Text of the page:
For Gunther Schuller

Composer, performer, conductor, scholar, teacher, administrator, auto-didact, genre-coiner, nifty hairdo-wearer, and fiend for fat ties Gunther Schuller died today at the age of 89.

Throughout all of his life roles, Schuller’s principle project was bringing together music from the western classical tradition and the African-American jazz tradition. He played French Horn on Miles Davis’s seminal record Birth of the Cool. He wrote a pair of groundbreaking (though flawed–transcribing is hard!) books on early jazz and swing music that attempted to look at this music through the lens of classical music theory. He wrote music for mixed ensembles of jazz and classical players, juxtaposing serial techniques with swing and improvisation—a style he named “Third Stream.” And he founded not one but two departments devoted to jazz and improvisation at New England Conservatory, some of the first of their kind in the United States. As my friend/fellow composer Joe Sferra wrote on Facebook, “Any one of his projects would be a life’s work of great historical import to music, and he had SEVERAL of them.”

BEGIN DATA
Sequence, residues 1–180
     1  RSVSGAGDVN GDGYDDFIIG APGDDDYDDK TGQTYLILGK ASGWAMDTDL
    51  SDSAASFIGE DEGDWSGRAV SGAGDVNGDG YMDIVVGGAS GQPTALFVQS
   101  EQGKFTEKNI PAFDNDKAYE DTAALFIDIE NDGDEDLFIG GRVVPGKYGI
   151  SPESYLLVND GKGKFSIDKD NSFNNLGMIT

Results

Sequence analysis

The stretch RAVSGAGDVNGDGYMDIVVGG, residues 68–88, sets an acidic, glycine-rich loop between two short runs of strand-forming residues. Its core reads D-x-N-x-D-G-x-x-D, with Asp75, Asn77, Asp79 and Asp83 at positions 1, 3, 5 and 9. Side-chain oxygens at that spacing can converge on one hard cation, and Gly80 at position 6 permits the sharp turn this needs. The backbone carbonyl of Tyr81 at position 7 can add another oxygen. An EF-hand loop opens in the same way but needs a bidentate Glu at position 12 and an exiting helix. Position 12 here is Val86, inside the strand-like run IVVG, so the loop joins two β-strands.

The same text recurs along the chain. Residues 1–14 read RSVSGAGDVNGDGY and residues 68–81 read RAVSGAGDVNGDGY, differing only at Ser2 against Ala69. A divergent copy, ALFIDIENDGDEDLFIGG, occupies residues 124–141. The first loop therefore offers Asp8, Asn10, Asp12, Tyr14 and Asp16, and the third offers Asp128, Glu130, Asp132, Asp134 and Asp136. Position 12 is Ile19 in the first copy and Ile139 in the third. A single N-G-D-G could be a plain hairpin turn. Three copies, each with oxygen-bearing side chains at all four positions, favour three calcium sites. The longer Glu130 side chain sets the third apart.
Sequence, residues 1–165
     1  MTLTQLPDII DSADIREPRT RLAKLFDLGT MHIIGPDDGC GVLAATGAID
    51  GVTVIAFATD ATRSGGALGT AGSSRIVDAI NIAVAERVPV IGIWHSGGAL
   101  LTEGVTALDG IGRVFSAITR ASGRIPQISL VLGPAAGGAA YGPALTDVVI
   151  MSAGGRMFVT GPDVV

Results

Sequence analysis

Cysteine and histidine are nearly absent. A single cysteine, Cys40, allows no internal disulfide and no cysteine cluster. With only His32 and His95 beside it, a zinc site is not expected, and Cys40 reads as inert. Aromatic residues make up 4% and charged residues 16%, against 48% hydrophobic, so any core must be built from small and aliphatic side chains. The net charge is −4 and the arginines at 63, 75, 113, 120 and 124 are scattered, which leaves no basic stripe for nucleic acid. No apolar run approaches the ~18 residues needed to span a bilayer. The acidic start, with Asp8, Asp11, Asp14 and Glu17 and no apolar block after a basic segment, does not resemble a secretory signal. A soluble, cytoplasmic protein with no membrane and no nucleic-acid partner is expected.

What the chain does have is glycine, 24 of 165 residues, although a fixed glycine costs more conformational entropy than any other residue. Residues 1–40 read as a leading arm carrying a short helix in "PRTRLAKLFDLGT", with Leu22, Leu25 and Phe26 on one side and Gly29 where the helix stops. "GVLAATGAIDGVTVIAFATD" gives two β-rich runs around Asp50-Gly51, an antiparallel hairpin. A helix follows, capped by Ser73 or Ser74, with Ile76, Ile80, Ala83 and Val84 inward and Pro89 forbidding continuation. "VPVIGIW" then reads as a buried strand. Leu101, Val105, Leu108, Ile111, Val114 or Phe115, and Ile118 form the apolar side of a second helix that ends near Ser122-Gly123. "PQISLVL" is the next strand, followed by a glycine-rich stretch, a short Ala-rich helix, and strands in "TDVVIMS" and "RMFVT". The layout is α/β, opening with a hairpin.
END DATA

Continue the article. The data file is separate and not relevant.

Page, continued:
I was lucky enough to hear Gunther Schuller speak before a concert at NEC a couple of years ago. He was clear-eyed, passionate, and sincere about the music he wrote and enjoyed, and had a number of colorful stories about the many great musicians he worked with over the course of his long career.

But tellingly, Schuller wasn’t absorbed in the past, and instead was visibly excited about the new music that was to be performed that night—music that used many forms of improvisation to draw from diverse musical traditions. Even though he was decorated in all of his musical pursuits (Pulitzer, MacArthur, you name it) you could tell that he was most proud of opening doors for others through his teaching and administration.

Thank you, Mr. Schuller, for opening doors for people like me. I’m still trying to figure out this whole jazz-classical hybrid thing too, but I know I have a really good path to follow.

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